"The governor is going to continue to pursue legislation that cracks down on violent repeat criminals with tougher penalties, and that includes reinstating the death penalty for the most heinous crimes," Martinez spokesman Michael Lonergan said. "The governor believes legislators will listen to victims' families and the general public who want to see these bills pass."

But it appears several legislators would have to change their minds before the death penalty could be reinstated.

During the special session, which ended Oct. 6, the House voted 36-30 in favor of the bill to reinstate the death penalty, with all House Republicans present voting in favor and all House Democrats voting in opposition.

Since then, Democrats picked up likely 5 and possibly 6 seats in last week's election, apparently giving them a 38-32 majority in the House. Of the newly elected Democrats, at least t3 said in response to a Journal questionnaire that they would oppose bringing back capital punishment. Only one, Candie Sweetser of Deming, said she would support the proposal, and several others were noncommittal.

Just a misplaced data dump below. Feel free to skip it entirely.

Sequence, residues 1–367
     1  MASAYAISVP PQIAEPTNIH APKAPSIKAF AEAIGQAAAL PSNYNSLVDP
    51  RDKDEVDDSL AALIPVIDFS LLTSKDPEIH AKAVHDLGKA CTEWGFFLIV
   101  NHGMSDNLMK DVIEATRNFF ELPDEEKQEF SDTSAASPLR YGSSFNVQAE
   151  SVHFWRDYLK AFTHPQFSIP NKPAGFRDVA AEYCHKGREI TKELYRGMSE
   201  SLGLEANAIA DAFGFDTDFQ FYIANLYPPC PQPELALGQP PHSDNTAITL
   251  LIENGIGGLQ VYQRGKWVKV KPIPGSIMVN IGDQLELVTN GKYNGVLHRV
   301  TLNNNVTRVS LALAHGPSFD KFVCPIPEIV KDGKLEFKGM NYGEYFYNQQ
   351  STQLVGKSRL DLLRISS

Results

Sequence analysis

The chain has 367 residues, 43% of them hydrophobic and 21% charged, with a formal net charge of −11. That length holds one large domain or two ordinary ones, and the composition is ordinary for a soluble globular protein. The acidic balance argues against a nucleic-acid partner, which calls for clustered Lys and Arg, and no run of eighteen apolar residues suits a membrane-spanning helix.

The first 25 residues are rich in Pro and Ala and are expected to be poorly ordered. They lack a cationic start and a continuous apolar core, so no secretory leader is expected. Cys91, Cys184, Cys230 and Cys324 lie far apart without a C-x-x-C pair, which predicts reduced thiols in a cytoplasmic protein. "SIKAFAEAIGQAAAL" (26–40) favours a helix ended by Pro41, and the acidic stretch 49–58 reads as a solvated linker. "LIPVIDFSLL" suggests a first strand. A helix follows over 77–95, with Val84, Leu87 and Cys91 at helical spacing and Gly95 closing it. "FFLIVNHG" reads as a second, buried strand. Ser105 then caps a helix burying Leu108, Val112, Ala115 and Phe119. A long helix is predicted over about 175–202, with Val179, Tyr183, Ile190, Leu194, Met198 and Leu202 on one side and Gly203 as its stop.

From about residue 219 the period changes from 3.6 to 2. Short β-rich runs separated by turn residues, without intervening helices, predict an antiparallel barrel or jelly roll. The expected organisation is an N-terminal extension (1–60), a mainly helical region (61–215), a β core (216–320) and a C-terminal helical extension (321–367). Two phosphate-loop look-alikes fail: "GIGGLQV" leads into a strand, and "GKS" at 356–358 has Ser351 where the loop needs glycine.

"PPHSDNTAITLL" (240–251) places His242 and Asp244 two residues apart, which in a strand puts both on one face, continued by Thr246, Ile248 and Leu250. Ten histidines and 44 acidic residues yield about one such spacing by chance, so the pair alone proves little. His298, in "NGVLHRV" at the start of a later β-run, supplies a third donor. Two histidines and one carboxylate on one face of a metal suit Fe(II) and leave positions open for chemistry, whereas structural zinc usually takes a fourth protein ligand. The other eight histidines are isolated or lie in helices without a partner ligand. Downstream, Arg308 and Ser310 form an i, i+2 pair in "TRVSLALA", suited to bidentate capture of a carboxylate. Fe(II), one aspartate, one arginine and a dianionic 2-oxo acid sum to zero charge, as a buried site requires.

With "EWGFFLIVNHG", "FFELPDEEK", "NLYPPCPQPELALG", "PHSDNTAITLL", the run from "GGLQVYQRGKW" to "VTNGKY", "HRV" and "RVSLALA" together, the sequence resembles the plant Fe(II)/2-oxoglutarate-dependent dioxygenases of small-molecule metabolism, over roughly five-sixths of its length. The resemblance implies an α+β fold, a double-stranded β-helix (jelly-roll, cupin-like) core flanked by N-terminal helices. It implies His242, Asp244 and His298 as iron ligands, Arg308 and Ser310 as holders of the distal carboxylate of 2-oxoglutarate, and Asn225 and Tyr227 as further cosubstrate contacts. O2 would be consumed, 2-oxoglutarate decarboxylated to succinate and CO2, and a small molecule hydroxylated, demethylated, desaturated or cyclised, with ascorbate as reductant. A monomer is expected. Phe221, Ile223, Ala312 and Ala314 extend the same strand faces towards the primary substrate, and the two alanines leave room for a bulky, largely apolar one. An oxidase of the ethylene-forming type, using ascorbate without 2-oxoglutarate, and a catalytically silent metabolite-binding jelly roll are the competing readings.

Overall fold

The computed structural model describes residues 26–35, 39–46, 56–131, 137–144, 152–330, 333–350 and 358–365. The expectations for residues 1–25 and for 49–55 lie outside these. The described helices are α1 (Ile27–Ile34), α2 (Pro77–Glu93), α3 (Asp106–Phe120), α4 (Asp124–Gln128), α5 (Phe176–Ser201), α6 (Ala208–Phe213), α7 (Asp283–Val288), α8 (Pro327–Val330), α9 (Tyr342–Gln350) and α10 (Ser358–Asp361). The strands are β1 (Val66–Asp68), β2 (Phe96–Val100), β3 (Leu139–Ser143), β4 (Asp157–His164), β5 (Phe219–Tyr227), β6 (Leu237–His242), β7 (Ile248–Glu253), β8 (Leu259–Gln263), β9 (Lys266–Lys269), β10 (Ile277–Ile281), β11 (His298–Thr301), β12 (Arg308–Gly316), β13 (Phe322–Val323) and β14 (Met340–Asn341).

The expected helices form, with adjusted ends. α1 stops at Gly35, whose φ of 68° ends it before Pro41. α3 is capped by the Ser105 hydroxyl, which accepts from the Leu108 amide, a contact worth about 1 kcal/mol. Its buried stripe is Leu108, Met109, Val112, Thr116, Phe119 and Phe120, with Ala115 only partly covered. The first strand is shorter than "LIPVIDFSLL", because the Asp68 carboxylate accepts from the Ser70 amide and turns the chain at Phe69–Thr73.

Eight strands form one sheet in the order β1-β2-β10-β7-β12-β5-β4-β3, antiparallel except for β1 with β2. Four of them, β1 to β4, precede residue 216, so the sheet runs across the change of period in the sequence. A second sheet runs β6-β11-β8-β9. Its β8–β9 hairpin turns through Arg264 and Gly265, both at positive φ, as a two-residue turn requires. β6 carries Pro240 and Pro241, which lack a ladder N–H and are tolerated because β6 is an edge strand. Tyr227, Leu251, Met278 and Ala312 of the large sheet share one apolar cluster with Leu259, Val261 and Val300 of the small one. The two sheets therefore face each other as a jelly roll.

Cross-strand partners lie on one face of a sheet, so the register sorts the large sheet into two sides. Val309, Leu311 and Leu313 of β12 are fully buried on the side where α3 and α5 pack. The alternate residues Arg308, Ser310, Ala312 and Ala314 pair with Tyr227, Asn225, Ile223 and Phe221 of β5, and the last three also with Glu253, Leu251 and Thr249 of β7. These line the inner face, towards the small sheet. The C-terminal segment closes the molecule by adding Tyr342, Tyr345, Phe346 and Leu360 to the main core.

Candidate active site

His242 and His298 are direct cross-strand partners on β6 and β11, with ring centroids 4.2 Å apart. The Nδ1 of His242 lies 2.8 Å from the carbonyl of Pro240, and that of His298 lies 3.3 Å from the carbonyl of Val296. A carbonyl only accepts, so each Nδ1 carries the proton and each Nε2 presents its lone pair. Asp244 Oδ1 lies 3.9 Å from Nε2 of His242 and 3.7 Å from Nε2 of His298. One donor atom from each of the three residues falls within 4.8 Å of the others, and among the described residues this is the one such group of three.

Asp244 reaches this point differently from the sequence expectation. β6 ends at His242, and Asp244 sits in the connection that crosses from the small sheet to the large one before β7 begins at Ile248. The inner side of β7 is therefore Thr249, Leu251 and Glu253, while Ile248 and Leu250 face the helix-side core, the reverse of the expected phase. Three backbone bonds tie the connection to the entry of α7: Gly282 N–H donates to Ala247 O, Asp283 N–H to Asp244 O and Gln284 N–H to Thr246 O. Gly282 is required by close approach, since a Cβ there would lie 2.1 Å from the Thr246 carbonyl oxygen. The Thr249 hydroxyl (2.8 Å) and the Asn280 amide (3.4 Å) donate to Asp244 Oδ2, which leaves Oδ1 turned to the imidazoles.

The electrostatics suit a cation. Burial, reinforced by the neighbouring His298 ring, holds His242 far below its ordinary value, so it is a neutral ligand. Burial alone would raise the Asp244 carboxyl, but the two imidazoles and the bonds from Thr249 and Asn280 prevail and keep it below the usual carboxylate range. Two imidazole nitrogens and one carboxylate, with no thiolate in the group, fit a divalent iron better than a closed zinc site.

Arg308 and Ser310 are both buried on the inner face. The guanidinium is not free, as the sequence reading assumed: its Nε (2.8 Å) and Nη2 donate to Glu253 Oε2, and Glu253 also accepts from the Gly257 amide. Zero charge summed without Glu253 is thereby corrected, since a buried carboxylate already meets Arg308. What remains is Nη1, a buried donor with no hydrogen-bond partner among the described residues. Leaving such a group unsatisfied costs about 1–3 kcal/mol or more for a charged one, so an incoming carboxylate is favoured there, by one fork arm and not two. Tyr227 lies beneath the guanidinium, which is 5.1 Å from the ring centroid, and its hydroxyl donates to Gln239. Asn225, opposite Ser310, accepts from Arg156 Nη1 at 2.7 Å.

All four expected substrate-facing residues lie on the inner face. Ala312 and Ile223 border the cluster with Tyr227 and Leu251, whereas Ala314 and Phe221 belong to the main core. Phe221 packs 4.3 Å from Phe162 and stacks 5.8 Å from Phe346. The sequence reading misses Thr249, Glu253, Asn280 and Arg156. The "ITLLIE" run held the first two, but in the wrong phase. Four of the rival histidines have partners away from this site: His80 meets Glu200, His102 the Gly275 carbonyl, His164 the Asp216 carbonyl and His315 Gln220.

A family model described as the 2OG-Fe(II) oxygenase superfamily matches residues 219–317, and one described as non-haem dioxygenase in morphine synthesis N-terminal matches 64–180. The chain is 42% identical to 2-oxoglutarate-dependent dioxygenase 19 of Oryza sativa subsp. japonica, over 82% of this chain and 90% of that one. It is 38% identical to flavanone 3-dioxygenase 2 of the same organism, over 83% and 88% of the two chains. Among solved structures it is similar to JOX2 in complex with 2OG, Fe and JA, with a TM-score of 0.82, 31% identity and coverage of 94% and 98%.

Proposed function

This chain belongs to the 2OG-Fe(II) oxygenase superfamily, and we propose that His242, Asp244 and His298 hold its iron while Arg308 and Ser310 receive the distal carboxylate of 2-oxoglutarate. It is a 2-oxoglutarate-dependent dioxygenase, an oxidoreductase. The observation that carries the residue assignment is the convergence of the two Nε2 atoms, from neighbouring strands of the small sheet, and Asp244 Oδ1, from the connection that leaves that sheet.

The questionnaire responses would appear to suggest defeat for the death penalty proposal in the House, unless minds are changed. And that's not even considering the Senate, where Democrats picked up a net of 2 seats and will apparently enter the 2017 session with a 26-16 advantage over Republicans.

House Minority Leader Brian Egolf, D-Santa Fe, who is expected to be elected House speaker on the opening day of the 2017 session, suggested death penalty bills will not be a top focus once Democrats assume control of the House.

"If a member wants to introduce legislation reintroducing the death penalty, they would certainly have that option," Egolf said in a recent interview. "But I think it's fair to say it will not be a priority that takes precedence over putting people back to work."